When the average person hears the word “fermentation” he probably thinks about alcohol. As you no doubt recall, glycolysis gave us some usable energy in the form of ATP, and then there are the other products, NADH and pyruvate. As we shall see in the next section, if the cell is eukaryotic and oxygen is available, then those molecules can help make more ATP. If no oxygen is available or the cell is just a lowly prokaryote, it undergoes fermentation to produce either lactate or ethyl alcohol. Why does the cell need lactate or ethanol? It doesn’t, although the lactate can contribute to overall metabolism. What the cells do need is NAD+ so that glycolysis can continue beyond step 6. Without fermentation, continued glycolysis would convert all of the NAD+ to NADH, and then be stuck, unable to continue. So the primary reason for fermentation, whichever path it takes, is to regenerate NAD+ from the NADH.
In lactate fermentation, the pyruvate is converted to lactate by lactate dehydrogenase. This reaction requires the oxidation of NADH, which thus provides NAD+ to the cell for continued glycolysis.
For many cells, the lactate is a waste product and excreted. In fact, this is the case with most muscles: the lactate is carried by the blood from the muscle cells to the liver, where it can be converted to glucose. Thus, although lactate is formed at high rates when muscles are overworked and become fatigued, it is not directly the cause of muscle fatigue. As oxygen availability cannot keep up with aerobic ATP production, and larger and larger proportions of the ATP generated come from glycolysis with fermentation. The current model of muscle fatigue posits that it is due to acidification of the muscle cell as it undergoes rapid glycolysis.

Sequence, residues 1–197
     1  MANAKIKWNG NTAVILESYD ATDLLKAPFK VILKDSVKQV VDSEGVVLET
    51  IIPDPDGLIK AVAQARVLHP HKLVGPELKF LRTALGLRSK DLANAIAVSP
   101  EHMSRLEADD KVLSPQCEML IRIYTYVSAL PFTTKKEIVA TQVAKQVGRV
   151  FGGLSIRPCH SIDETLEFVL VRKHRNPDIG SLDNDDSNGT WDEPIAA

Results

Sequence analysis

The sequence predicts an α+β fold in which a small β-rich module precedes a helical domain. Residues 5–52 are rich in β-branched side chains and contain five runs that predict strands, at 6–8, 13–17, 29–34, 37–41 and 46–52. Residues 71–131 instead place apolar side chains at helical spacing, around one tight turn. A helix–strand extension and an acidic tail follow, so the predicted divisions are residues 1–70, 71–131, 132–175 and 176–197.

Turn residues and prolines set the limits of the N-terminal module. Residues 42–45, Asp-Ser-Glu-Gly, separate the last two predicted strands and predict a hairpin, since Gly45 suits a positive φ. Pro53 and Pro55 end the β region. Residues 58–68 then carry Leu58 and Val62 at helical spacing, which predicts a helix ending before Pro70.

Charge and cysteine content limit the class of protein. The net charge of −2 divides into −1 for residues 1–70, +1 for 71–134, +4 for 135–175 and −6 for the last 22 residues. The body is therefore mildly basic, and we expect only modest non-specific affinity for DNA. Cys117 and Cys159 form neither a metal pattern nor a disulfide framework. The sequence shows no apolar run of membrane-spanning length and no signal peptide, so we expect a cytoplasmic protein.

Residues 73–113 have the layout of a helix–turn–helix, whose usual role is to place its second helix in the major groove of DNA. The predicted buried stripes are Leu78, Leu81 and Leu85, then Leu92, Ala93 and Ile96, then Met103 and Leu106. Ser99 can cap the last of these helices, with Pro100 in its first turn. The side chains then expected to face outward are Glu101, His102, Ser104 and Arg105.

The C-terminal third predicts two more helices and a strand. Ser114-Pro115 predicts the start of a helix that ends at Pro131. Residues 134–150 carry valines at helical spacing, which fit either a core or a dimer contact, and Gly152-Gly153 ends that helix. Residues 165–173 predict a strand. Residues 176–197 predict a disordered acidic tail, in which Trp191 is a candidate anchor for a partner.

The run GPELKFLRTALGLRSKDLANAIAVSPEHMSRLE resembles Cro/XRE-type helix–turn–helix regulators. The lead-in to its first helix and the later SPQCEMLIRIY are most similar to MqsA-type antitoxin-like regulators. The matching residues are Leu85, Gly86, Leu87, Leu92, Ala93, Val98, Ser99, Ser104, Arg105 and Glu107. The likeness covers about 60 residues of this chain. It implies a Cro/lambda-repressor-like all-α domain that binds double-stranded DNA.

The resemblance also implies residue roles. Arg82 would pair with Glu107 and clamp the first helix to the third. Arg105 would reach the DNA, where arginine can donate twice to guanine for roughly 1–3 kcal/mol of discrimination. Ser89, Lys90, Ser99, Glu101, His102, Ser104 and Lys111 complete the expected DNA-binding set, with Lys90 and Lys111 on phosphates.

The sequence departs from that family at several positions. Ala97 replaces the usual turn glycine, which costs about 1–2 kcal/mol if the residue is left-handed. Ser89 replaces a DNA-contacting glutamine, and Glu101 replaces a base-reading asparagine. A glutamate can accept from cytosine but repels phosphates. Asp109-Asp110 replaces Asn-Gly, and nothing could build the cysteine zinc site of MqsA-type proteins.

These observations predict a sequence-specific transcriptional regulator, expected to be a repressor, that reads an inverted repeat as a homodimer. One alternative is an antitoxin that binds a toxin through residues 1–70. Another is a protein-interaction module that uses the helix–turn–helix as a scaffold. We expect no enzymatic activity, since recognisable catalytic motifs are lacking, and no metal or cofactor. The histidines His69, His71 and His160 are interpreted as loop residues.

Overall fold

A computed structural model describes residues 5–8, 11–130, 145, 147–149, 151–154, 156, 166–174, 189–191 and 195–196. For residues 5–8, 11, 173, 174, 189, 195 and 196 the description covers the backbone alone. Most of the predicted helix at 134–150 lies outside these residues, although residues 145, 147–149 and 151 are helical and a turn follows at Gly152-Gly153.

However, in some tissues and cell types, particularly in the heart and brain of higher animals, cell membranes are highly permeable to lactate, the cells can readily convert the lactate to pyruvate, and since these are highly oxygenated tissues, the pyruvate is then used for the TCA cycle and oxidative phosphorylation to generate ATP. In fact, some non-neuronal support cells in the brain (astrocytes) generate and excrete copious lactate which is taken up by the neighboring neurons to fuel ATP production.
In alcohol fermentation, pyruvate is first acted upon by pyruvate decarboxylase, which liberates a CO2 molecule and produces acetaldehyde. Acetaldehyde is then acted upon by alcohol dehydrogenase, using NADH, generating NAD+ and ethanol. Here, like with lactate fermentation, the desired product is the regenerated NAD+. Ethanol is excreted, and in most animals, is converted to acetaldehyde and then acetic acid, before finally ending up as acetyl-CoA.
As with glycolysis, fermentation can and does take place in cells that are able to make ATP by oxidative phosphorylation. The relative contribution of glycolysis and oxidative phosphorylation to the cellular ATP pool is determined dynamically by physiological conditions.